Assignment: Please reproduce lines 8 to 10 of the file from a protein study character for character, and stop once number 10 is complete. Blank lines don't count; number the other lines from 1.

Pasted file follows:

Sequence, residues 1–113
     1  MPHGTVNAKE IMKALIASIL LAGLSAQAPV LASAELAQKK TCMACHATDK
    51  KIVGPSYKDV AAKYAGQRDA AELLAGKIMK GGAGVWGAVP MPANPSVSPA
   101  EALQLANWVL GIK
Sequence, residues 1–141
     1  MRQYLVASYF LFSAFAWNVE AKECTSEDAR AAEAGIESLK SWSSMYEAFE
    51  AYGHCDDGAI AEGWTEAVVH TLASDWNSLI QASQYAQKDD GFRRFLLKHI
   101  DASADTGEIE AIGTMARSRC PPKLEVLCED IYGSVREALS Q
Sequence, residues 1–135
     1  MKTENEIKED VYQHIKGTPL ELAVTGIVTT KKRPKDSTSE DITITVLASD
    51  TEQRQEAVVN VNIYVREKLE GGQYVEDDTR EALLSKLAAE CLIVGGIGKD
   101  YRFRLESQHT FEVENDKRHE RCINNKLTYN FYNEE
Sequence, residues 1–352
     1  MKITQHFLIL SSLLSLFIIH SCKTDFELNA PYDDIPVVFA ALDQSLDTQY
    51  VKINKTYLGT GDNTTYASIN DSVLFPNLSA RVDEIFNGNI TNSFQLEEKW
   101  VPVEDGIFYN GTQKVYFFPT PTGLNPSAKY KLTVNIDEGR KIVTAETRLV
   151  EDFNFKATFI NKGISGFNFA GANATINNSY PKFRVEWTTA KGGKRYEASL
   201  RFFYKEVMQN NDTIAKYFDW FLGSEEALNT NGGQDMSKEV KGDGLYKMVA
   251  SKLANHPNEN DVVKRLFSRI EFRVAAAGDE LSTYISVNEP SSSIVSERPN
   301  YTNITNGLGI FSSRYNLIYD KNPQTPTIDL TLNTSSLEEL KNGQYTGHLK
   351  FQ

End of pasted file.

   101  DASADTGEIE AIGTMARSRC PPKLEVLCED IYGSVREALS Q
Sequence, residues 1–135
     1  MKTENEIKED VYQHIKGTPL ELAVTGIVTT KKRPKDSTSE DITITVLASD